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Adapted with permission from:
HOW TO RAISE A DELINQUENT CHILD
By: Susan A. Caldwell, M.A.
767 Academy Drive
Solana Beach, CA 92075
Wait on your teenagers. Clean up all their messes. Always do and fold their laundry, make their beds, and cook every meal for them. Keep their household chores to an absolute minimum. Do not expect any reciprocation or help from them.
Indulge your teenagers’ every wish; buy everything your teenagers want and give them all the spending money they request.
Never show any interest in what your teenagers are learning or doing at school. Never help them with their homework.
Bail your teenagers out of any consequences for their actions.
Talk disrespectfully about authority; always take your teenagers’ side against a teacher, neighbor, or police officer.
Do not require apologies, amends, or restitution when your teenagers damage property. Chalk it up to “kids will be kids”.
Make excuses whenever your teenagers misbehave, and certainly do not correct their inappropriate behavior.
Set no limits OR be inconsistent in enforcing the limits you set.
Allow your teenagers to tantrum for at least one hour, then give in to any of their demands.
Be arbitrary about house rules; give no reasons for them and do not allow your teenagers to participate in developing them.
Impose no consequences for inappropriate behavior or breaking house rules, OR threaten your teenagers with all manner of consequences and never follow through on any of them.
Quarrel and fight frequently in the presence of your teenagers without coming to any resolution of the conflict.
Immediately fulfill your teenagers’ every need, and never allow your teenagers to learn to wait and delay gratification.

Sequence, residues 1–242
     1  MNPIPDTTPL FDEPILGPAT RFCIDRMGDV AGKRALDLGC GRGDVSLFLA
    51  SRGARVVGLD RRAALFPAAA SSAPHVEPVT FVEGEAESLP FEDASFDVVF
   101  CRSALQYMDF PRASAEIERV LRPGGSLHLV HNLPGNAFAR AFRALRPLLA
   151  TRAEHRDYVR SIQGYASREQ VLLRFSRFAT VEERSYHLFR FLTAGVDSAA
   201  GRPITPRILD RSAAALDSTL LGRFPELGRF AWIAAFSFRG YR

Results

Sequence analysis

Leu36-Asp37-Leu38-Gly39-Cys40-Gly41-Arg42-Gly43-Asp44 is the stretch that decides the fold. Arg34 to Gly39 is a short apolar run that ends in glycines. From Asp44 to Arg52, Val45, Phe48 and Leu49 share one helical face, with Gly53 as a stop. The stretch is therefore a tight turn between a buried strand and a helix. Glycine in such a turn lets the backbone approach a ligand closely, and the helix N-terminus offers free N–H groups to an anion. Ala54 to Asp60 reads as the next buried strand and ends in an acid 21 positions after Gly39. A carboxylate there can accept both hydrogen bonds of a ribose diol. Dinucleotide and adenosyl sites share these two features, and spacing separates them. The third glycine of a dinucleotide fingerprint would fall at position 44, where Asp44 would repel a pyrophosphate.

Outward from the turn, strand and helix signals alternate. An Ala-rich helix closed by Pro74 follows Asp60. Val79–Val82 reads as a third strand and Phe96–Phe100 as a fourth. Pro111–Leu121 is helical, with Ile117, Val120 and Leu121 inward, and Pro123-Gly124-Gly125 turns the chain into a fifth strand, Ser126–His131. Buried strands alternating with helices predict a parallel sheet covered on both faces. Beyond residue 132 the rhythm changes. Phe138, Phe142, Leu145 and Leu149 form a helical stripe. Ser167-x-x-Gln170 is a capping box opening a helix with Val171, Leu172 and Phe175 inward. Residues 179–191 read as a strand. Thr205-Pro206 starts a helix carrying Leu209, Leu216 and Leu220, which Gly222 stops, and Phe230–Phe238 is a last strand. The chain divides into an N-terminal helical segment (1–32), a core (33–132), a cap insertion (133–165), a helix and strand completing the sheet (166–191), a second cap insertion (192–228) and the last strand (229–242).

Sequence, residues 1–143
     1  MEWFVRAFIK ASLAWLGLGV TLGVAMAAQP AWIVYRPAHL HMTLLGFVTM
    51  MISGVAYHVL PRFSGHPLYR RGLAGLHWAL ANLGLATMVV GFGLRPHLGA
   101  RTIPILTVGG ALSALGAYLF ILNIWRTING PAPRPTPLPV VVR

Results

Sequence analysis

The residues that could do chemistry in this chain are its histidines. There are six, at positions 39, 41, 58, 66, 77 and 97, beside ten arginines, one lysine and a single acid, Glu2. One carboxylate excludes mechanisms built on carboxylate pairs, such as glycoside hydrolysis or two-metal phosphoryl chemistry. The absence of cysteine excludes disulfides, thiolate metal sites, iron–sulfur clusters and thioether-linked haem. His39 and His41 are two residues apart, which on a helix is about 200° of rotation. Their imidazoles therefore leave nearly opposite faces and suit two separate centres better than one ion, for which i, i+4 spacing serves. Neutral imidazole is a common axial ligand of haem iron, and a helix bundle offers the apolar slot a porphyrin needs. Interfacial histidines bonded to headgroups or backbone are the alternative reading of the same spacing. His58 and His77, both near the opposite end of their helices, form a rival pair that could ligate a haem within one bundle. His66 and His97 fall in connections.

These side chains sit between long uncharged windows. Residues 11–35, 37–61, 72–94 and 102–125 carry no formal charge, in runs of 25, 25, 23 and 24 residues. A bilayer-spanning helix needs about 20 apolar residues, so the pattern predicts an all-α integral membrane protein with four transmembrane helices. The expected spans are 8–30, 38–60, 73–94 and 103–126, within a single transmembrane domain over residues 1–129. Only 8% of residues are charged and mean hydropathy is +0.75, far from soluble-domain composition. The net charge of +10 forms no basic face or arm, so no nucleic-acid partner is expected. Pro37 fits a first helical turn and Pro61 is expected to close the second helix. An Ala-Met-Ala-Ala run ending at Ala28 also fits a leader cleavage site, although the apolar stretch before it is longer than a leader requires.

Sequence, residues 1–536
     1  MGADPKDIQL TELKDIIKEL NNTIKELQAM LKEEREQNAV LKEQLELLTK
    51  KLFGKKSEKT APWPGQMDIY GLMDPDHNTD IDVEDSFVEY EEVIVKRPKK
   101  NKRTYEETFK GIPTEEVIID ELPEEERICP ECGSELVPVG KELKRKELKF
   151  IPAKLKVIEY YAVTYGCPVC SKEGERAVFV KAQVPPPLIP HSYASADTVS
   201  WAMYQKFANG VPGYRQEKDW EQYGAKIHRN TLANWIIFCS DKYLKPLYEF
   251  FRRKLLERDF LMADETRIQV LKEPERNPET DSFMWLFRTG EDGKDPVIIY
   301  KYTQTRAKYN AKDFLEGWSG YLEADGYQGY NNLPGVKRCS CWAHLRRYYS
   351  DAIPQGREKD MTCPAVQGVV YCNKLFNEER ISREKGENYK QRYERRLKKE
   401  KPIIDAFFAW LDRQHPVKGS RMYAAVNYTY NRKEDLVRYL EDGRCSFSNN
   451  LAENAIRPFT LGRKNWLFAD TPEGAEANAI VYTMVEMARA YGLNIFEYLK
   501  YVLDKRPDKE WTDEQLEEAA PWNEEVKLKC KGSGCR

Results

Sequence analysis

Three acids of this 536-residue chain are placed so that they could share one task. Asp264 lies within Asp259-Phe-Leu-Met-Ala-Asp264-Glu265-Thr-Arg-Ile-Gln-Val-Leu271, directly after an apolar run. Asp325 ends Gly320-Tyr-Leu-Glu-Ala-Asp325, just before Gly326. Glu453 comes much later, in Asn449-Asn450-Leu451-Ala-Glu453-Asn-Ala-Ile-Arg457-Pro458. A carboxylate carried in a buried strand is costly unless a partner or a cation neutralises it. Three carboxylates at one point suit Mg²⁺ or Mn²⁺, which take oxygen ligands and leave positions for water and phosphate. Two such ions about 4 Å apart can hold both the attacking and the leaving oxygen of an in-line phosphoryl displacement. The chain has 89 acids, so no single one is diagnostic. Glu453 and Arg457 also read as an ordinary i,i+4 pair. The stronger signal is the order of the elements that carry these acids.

Lose your temper and resort to name-calling when your teenagers misbehave. If possible, publicly criticize and embarrass your teenagers when they misbehave.
Give no moral or spiritual training to your teenagers.
Do not listen to your teenagers’ feelings and do not help your teenagers to learn how to describe their emotional experiences with words. If they say something that makes you uncomfortable, change the subject.
Avoid regular family meetings where leadership skills might be developed and cooperation learned. Invite no input from your teenagers regarding family decisions.
Send your teenagers to religious services while you go to brunch or the gym. Do not participate in the life of a faith community which could nurture yours and your teenagers’ growth.
Never ask your teenagers to forgive you for making a mistake, losing your temper or forgetting something important.
See your teenagers as an extension of your own ego, feeling ashamed if your teenagers make a mistake and proud of yourself if your teenagers are successful.
Expect your teenagers to do as you say and not as you do.
Peter Roussos, M.A., MFT, CST
Couple, Individual and Family Psychotherapy Services
AASECT Certified Sex Therapist
(CA Lic MFC 34711)
Copyright © 2016 Peter Roussos. All rights reserved